The Disruption Of Fairyland: “Fairies Had Never Known How To Cry Until Then”

Anita Callaway


This article considers the rise and fall of Ida Rentoul Outhwaite’s antipodean fairyland, her pictorial alternative to the masculinist vision of Australia at the nominal end of its colonial thraldom to Britain. Unlike their mischievous and anachronistic antecedents from Victorian Britain, Outhwaite’s fairies were both virtuous and up-to-date, presenting an idealised picture of how post-federation Australia might have been, had it been left in girlish hands. Outhwaite not only gave Australian girls entrée to a modern and serene femocracy, but offered her contemporaries a practical alternative to the closed-shop of traditional landscape painting. However, the gendered integrity of Outhwaite’s fairyland was short-lived. Her images progressively show marauding boys disrupting its harmony, much as their colonising fore-fathers had callously disrupted Terra Australis. Just as these fanciful episodes may be considered visual metaphors for the social oppression of women and even for the bully-boy ruthlessness of colonisation itself, the same images may also figuratively describe the eventual appropriation by conservative male painters of this feminine art speciality and its subsequent erasure from the orthodox history of Australian visual culture.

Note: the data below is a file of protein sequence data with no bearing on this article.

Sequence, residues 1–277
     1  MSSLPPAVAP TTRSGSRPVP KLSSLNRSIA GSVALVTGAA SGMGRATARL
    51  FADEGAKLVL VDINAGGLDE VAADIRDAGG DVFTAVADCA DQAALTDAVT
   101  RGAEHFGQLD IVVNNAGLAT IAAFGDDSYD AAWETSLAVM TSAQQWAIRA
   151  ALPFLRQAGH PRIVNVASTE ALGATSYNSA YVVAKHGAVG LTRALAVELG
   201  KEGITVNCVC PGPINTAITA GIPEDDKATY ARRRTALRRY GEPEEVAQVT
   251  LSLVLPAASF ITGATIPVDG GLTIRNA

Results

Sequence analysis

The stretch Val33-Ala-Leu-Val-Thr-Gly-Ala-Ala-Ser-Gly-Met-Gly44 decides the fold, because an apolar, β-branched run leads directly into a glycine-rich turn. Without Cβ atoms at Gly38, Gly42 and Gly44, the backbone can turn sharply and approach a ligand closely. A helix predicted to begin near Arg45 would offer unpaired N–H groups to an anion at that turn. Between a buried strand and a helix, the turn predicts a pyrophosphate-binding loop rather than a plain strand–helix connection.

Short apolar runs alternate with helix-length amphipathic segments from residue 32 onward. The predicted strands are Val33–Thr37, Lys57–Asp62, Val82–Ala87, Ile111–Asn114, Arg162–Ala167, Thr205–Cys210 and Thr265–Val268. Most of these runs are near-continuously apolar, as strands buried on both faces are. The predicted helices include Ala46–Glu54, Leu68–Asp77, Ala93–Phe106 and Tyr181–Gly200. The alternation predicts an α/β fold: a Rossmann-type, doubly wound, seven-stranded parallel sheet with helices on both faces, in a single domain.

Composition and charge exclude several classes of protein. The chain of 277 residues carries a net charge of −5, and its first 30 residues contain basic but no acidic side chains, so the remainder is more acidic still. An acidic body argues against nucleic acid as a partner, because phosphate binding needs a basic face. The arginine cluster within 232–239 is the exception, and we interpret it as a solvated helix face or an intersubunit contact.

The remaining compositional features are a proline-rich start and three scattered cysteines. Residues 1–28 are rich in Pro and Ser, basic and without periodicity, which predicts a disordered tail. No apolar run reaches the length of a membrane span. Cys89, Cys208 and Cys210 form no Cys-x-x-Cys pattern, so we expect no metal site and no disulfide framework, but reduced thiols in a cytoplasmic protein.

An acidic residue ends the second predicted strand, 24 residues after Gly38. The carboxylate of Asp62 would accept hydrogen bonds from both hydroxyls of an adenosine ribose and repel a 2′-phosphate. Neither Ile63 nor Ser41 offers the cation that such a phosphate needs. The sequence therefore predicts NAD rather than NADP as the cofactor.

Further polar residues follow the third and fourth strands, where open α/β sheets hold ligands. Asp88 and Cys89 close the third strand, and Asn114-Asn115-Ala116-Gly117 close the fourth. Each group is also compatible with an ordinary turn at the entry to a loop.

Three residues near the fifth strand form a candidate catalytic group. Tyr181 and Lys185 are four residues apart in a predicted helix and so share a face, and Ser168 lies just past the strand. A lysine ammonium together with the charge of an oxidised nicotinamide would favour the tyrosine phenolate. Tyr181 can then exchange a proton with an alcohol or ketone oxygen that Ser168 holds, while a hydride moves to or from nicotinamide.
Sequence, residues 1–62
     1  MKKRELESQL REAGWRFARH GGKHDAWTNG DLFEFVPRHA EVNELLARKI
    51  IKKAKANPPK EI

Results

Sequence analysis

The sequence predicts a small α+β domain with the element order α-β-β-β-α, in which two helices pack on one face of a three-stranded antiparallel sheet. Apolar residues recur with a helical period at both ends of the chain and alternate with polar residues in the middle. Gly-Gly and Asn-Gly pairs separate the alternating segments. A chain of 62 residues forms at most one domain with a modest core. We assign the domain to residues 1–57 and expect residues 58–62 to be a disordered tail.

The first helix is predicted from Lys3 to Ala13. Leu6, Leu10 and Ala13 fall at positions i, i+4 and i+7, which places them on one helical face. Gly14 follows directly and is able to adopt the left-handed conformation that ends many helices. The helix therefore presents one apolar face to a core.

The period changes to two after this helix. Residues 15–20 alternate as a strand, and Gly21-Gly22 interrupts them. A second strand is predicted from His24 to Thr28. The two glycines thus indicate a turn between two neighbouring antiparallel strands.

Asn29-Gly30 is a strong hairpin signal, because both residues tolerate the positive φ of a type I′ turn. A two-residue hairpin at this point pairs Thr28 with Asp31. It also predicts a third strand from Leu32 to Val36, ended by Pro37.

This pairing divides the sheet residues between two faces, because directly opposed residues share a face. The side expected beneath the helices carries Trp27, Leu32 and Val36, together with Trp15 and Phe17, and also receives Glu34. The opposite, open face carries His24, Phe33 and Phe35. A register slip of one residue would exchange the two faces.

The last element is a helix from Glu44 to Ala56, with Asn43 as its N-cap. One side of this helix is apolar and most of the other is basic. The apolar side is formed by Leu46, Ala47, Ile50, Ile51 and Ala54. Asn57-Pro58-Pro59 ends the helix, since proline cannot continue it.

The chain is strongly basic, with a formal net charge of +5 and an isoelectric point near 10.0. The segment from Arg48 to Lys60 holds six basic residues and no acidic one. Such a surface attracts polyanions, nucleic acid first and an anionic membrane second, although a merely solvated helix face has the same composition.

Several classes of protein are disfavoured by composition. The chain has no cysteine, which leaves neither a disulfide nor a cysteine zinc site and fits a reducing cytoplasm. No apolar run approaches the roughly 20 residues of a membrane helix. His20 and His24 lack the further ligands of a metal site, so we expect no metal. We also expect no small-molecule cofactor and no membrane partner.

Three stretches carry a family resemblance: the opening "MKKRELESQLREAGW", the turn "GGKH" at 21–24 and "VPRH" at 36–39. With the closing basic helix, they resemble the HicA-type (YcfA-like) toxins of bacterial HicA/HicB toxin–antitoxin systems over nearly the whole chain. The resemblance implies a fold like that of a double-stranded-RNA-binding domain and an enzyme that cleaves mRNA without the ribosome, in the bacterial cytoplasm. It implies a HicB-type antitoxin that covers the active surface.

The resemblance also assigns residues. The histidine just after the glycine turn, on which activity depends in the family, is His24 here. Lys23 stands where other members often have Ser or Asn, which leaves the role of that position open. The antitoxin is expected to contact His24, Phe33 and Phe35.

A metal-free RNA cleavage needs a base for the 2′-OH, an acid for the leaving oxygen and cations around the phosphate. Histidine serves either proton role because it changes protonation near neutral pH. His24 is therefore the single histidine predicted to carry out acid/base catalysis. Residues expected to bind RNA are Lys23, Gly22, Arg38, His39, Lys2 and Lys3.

Ida Rentoul Outhwaite; fairies; fairyland

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